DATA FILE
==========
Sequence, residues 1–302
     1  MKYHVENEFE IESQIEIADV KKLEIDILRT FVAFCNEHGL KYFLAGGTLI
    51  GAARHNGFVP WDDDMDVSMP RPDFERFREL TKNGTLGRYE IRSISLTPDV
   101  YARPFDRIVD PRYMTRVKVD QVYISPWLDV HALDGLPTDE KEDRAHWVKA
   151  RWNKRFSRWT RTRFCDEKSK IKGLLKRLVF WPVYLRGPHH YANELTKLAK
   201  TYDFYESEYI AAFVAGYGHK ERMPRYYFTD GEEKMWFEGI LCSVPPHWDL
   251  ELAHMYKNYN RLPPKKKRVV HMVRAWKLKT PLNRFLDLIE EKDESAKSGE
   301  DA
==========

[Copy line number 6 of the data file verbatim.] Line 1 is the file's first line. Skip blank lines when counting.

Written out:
   201  TYDFYESEYI AAFVAGYGHK ERMPRYYFTD GEEKMWFEGI LCSVPPHWDL